The night skies over Arizona and its gargantuan graveyards of US aircraft are as awe-inspiring as the famous red rocks, discovers Stephen Emerson
Arizona is no ordinary holiday location. It is a place that will massage the explorer’s itch that grows within us when we’ve had one too many beach holidays. While tens of thousands of tourists flock to the state each year, only a trickle venture south beyond the Grand Canyon into the vast plains of this fascinating destination. Arizona is big America. Everything is super-sized; from the highways that snake throughout the state to the huge military presence that you notice in the air and on the roads.
Arizona has some of the clearest skies in the world so it is little wonder that star-gazing is major draw for visitors. The state can cater for serious astronomers alongside those who are just curious. If you want to feel insignificant then start studying astronomy. The universe is constantly expanding and our galaxy, the Milky Way, will eventually collide with another.
I began my own space exploration with a trip to the University of Arizona’s Mount Graham observatory in Safford. It sits 10,700 feet high on the clouds, is surrounded by piles of snow even in summer and has a telescope next door owned by the Vatican. The journey up the mountain is worth the trip alone. You start at the foot of the mountain in the searing heat of the desert and ascend only a few hundred feet to lush vegetation before being chilled by minus temperatures and snowdrifts. At the top of the mountain is the university research facility, which houses one of the largest telescopes in the world. Housed in a shed akin to a nuclear silo, its giant mirrors beam back images from 102 million light years away. The hangar and indeed the whole complex itself has a whole other-worldly feel about it. The telescope moving its huge, hulking mass and rotating is a sight to behold.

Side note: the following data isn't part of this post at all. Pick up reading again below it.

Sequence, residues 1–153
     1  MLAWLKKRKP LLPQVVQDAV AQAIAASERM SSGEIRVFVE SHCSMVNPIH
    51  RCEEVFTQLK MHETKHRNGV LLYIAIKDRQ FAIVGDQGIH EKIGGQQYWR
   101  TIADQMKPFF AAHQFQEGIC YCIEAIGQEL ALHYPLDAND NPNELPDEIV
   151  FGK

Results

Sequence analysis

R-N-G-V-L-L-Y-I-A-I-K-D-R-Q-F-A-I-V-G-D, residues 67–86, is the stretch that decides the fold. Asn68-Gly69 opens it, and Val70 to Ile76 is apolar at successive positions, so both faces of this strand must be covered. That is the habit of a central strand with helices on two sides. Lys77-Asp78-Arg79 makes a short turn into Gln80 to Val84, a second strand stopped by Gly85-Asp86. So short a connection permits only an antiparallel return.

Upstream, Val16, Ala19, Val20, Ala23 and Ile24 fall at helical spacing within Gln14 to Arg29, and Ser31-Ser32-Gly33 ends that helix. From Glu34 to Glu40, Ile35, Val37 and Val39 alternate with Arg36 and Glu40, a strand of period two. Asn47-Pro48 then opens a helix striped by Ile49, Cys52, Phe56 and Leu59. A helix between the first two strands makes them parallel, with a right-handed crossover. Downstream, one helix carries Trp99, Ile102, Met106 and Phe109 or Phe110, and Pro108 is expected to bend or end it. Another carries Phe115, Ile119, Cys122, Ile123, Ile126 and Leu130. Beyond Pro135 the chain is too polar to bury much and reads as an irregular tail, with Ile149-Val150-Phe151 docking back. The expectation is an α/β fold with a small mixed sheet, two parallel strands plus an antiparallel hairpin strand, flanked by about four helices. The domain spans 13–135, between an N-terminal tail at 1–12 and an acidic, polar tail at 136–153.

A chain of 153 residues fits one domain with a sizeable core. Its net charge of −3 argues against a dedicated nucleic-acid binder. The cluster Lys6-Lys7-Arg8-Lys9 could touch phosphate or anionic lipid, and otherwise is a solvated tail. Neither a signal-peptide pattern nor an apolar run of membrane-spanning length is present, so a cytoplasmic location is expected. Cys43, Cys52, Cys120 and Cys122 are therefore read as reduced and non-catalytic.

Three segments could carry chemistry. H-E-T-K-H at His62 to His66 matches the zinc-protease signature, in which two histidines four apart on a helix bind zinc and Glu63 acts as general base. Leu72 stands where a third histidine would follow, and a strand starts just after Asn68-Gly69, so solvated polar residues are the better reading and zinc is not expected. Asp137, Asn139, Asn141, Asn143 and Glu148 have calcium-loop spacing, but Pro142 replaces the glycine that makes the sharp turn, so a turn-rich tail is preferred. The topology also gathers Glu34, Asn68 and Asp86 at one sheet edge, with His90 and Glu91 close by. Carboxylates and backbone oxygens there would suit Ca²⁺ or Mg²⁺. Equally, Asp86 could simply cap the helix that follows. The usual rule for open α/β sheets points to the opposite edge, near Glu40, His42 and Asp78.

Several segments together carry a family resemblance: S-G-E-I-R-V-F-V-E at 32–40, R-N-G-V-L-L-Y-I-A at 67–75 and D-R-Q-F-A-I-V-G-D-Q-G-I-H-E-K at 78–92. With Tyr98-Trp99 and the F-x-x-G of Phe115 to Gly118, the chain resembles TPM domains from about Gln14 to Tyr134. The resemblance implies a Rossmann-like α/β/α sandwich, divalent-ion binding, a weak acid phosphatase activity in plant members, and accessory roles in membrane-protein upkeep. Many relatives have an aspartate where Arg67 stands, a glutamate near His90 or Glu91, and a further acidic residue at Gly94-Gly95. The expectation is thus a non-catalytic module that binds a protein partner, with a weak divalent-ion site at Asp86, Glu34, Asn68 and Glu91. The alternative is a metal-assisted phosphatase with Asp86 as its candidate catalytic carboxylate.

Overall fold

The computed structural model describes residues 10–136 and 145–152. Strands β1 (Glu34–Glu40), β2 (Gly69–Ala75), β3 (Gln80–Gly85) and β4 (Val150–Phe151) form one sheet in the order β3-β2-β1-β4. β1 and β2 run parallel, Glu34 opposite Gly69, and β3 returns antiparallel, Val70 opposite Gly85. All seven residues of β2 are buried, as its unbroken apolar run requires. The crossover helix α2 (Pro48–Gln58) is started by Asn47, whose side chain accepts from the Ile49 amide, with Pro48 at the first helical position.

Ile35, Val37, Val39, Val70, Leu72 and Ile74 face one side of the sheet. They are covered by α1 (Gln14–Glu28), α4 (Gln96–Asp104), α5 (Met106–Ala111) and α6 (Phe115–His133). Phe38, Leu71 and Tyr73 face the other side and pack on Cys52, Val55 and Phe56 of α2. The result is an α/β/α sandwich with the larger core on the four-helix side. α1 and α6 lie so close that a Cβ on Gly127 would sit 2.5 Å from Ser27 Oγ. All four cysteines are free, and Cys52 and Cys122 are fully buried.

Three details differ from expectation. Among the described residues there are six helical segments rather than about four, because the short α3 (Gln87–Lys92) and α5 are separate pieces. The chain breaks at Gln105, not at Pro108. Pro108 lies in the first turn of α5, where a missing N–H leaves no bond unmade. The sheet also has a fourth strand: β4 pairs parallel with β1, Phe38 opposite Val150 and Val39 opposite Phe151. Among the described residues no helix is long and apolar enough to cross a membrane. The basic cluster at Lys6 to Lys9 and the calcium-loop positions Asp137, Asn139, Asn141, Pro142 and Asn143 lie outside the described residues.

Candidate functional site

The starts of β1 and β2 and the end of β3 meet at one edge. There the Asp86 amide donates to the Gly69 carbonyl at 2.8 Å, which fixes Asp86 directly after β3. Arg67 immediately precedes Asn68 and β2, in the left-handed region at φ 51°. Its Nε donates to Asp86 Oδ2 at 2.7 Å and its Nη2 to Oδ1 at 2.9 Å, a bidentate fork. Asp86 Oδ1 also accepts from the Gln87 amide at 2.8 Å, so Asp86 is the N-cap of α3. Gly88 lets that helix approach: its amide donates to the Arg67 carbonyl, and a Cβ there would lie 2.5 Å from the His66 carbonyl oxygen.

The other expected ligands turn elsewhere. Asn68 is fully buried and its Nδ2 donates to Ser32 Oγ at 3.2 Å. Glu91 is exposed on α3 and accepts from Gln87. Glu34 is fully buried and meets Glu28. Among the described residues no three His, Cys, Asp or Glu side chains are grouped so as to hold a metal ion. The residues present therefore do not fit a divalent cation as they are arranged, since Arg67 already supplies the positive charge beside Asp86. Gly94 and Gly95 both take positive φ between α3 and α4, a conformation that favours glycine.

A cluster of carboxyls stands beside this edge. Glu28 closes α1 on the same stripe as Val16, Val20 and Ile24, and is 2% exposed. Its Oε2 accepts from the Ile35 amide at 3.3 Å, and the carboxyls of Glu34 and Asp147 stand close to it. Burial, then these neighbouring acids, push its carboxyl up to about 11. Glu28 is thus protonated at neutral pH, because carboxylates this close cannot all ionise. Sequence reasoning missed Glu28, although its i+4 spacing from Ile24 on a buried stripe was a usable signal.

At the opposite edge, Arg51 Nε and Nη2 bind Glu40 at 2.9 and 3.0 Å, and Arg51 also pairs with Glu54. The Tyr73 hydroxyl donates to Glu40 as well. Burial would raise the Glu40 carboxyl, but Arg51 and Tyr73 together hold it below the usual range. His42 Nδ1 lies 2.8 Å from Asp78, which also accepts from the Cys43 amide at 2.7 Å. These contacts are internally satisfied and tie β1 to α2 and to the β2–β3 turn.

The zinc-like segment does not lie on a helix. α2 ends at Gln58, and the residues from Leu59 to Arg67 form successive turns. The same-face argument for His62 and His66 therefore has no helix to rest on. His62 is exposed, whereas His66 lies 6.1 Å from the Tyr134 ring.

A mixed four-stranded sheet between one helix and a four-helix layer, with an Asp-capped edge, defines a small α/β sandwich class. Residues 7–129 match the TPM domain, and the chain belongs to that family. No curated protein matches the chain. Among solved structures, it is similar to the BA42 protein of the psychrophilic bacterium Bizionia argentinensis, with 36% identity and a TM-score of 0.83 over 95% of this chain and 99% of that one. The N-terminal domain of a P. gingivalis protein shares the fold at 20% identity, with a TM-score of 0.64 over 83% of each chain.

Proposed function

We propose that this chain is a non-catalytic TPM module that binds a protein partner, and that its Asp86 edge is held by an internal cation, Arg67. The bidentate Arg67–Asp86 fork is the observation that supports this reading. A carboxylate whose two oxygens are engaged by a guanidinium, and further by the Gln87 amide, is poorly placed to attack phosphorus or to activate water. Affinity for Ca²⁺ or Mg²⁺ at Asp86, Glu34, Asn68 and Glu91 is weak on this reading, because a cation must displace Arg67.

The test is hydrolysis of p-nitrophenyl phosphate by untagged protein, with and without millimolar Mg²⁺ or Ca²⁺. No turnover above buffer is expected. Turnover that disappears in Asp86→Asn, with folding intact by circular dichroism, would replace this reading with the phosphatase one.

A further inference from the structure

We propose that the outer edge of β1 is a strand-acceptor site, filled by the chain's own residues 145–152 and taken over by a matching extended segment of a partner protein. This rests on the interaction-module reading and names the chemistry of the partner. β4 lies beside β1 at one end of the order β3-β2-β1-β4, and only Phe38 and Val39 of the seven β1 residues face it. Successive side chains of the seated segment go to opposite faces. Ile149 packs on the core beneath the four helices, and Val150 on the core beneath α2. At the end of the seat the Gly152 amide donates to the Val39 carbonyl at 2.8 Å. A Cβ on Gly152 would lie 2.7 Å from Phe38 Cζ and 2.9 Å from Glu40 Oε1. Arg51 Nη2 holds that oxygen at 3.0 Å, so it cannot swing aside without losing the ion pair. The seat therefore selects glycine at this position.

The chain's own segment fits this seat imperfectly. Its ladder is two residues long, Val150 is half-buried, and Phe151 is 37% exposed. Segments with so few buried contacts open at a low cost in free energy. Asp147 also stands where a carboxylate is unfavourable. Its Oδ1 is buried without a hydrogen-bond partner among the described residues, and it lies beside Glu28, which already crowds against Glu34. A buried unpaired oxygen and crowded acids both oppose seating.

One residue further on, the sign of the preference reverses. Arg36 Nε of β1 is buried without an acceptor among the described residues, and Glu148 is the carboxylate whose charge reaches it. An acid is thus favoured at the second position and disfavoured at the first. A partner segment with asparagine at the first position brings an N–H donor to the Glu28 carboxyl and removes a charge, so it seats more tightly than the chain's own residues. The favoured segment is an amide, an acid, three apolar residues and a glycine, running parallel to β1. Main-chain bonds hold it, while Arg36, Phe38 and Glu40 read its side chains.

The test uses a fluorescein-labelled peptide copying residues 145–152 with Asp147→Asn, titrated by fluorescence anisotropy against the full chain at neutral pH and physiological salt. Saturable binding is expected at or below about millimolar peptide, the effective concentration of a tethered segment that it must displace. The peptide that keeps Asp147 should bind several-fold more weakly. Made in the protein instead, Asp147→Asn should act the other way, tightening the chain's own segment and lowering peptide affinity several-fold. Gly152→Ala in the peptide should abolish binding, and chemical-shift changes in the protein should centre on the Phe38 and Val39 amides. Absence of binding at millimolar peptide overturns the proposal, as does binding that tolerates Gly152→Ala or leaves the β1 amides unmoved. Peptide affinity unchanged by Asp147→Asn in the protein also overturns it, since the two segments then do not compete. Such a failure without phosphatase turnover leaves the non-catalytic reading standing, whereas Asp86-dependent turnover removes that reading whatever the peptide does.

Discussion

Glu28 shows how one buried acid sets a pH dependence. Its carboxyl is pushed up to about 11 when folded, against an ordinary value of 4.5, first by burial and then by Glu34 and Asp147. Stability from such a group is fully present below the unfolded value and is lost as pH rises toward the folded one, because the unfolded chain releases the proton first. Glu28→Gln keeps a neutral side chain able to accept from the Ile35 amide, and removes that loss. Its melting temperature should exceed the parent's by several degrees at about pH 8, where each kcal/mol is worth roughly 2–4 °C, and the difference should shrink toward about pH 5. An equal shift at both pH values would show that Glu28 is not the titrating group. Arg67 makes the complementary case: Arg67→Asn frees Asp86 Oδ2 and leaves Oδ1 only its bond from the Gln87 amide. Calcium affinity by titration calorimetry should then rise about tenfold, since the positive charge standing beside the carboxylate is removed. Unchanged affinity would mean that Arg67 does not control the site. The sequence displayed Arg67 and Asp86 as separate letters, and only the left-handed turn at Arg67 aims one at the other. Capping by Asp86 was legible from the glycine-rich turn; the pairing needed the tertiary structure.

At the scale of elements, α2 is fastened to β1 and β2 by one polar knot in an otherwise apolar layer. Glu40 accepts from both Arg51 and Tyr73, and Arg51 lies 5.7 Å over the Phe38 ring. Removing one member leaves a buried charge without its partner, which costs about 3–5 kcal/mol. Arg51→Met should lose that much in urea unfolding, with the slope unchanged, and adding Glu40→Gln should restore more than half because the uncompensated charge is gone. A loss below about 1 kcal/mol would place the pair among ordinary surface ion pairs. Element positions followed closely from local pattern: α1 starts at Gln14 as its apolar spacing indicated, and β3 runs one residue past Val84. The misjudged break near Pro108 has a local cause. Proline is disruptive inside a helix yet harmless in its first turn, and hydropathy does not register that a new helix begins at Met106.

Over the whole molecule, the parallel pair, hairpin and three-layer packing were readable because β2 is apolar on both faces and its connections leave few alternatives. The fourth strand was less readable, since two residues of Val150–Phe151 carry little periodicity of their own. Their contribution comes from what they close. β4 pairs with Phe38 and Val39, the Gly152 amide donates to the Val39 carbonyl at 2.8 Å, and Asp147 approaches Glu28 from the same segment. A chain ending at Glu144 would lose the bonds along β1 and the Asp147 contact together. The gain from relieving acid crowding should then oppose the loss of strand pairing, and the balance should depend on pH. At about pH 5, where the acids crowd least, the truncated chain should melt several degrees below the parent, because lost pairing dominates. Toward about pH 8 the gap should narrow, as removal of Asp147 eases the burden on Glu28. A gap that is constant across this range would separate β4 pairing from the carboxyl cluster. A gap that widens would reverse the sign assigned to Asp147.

The military have a major presence in Arizona, and a visit to Aerospace Maintenance and Regeneration Center (AMARG) in Tucson, where billions of dollars’ worth of military hardware lies idle in the sun, gives a vivid sense of that. With its dry humidity and low rainfall, Tucson makes an ideal place to store redundant aircraft and the facility, known as the Boneyard, is where the US military’s aircraft come to be scrapped, mothballed, sold off or turned into drones.
Upon arrival, aircraft are stripped of their guns and classified hardware, wrapped in protective covering and towed to the storage location. There are over 4,000 aircraft here, making it the largest aircraft storage facility in the world. The compound is classed as a restricted area and the only way to get in is with an organised tour by the neighbouring Pima Air and Space Museum.
Anyone with even a slight interest in aviation and the history that surrounds it will be bowled over the Pima centre. There are planes to inspire, amaze and make you think. Tom Cruise’s Top Gun jet sits alongside the US military’s Stealth bomber, whose very existence the government at one time denied. Then there’s the Hawker Hurricane with swastikas etched on to its side, marking how many German aircraft it had shot down.